He does not, however, sufficiently answer any of these questions, nor does he expand on the hints. Thus, the third reason we would assign the text would be for what it fails to do.

Lost Discoveries sets up the correct questions, questions that are not answered in the text but ones that students and teachers alike could confront throughout a course on the history of ancient science.

Students probably would not read Otto Neugebauer. They will read Teresi and come to class ready to jump into the good stuff that Teresi fails to cover.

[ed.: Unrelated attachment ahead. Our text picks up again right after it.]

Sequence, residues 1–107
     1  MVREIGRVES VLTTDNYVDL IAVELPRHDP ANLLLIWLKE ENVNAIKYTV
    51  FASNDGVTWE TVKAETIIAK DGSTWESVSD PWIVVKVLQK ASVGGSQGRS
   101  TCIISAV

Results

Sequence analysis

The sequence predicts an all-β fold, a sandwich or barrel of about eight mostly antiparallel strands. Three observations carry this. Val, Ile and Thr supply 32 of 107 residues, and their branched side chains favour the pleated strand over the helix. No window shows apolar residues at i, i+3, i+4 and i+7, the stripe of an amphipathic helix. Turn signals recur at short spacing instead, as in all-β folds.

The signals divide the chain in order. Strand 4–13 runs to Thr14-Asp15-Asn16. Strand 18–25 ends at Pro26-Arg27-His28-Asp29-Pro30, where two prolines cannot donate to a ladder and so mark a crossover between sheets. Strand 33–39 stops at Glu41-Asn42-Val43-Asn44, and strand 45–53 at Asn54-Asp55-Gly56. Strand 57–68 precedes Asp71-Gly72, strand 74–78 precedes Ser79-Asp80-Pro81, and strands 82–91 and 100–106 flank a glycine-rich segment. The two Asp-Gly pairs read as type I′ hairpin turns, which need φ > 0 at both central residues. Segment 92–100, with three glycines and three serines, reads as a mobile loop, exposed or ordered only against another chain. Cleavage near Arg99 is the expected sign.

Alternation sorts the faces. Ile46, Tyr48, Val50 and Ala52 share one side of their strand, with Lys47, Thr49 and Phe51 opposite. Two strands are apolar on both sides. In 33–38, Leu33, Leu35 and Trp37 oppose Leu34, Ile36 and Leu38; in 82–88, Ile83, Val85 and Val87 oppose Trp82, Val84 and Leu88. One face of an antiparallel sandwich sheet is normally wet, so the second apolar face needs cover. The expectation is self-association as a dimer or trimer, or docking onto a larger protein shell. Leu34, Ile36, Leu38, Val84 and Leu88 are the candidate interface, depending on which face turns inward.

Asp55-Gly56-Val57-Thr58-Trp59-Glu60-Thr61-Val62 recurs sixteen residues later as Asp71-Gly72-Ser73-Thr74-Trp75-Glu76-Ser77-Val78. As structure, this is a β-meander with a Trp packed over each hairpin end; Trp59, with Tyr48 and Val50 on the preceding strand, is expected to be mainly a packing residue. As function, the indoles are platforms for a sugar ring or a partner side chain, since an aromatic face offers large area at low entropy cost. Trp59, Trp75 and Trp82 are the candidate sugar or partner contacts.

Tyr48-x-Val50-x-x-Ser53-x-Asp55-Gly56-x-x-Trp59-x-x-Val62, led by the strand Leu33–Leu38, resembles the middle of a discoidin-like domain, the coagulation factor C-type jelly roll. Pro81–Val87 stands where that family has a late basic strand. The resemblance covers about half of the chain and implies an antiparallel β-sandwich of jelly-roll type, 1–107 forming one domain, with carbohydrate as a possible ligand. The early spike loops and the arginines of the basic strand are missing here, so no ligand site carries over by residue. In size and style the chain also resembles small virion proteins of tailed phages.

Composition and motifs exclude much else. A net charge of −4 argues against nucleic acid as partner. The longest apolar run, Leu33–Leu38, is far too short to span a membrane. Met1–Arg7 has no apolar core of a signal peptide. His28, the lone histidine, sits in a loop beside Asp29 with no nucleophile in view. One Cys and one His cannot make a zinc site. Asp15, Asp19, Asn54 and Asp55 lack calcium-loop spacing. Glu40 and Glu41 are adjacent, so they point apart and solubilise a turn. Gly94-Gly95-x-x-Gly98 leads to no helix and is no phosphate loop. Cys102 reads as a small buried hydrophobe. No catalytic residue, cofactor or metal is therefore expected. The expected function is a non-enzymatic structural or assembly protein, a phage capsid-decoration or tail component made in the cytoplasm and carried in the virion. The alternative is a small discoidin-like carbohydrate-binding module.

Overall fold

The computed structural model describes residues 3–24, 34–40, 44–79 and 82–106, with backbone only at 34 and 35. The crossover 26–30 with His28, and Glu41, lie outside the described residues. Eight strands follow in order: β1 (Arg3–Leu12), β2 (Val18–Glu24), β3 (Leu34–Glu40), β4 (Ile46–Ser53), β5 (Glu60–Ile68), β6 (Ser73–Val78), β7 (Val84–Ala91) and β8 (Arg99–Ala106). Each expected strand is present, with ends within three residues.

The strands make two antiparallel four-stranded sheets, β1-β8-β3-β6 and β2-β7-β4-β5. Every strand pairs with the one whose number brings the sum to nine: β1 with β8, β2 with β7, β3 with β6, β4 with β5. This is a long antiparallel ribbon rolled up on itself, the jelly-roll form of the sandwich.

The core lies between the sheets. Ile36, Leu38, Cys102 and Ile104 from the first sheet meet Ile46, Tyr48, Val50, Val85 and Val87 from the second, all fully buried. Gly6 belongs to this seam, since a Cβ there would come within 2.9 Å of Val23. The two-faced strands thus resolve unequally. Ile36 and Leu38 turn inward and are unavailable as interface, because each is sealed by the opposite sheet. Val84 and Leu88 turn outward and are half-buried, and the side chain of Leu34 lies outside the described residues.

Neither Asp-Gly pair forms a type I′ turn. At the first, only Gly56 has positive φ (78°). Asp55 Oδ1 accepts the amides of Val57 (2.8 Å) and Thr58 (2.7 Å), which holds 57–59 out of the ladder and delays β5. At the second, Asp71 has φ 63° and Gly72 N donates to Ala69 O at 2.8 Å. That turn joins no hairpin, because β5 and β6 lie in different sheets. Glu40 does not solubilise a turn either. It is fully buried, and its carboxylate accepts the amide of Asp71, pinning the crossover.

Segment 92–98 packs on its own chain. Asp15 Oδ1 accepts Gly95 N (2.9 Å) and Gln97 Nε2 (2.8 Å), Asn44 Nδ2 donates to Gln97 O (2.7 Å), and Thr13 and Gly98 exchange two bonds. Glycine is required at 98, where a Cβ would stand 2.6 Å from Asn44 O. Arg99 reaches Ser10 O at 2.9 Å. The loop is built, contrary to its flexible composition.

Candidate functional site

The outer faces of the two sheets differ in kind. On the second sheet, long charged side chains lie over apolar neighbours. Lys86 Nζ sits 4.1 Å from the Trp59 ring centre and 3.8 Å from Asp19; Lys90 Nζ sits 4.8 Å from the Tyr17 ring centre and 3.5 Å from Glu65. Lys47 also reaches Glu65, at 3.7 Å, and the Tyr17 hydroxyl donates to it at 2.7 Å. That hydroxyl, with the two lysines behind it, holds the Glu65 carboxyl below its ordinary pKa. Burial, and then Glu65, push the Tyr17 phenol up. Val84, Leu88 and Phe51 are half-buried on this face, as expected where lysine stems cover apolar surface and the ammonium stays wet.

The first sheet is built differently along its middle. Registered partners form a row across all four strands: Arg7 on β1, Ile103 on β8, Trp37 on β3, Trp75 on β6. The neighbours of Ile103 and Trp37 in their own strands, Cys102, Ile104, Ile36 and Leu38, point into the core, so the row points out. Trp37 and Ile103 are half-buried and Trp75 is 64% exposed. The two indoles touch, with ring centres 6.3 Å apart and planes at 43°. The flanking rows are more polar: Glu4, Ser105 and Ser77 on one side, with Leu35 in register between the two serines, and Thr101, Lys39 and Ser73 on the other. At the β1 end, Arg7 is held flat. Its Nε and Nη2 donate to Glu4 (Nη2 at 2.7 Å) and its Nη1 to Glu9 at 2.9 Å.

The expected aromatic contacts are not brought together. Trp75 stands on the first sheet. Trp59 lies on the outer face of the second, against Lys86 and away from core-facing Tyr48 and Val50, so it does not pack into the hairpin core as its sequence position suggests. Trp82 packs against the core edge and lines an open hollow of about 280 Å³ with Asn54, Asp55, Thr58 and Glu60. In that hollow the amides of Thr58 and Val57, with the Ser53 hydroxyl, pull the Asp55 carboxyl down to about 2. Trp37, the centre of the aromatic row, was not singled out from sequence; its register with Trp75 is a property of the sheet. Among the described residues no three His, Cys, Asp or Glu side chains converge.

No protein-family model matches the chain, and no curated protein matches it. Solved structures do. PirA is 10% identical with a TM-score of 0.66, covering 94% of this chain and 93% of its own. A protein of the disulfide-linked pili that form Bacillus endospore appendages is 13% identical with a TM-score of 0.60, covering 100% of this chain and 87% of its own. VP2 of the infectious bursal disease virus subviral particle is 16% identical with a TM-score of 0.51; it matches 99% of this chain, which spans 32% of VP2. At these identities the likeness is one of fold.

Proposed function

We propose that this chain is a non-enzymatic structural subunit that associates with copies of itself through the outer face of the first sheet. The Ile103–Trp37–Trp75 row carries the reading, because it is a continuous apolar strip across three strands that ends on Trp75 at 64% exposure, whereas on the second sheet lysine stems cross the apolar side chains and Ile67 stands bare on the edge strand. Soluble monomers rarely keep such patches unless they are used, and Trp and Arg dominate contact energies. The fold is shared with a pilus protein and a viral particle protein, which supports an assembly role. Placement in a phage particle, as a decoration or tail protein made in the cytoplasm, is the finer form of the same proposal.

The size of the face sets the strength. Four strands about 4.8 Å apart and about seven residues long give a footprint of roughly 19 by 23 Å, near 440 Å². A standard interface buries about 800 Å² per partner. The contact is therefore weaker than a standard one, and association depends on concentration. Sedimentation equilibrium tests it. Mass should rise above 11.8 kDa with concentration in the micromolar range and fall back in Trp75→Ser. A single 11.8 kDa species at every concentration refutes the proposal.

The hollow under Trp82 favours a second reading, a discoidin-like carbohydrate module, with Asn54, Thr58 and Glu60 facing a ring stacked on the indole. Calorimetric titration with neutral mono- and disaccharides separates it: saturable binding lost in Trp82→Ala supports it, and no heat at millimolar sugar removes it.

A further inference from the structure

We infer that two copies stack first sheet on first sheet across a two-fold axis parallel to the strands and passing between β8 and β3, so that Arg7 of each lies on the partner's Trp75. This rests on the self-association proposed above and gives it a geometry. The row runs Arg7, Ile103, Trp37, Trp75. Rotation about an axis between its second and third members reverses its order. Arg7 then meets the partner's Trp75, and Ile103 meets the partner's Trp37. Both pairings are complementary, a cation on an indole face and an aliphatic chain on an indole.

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The often suppressed or overlooked scientific work of non-Western thinkers is given a clear-eyed airing by science historian Teresi The God Particle , not reviewed and found to be deeply impressive. Ackerman writes with a light but assured touch, her prose rich in fact but economical in delivering it. Fans of birds in all Science writer Ackerman Ah-Choo!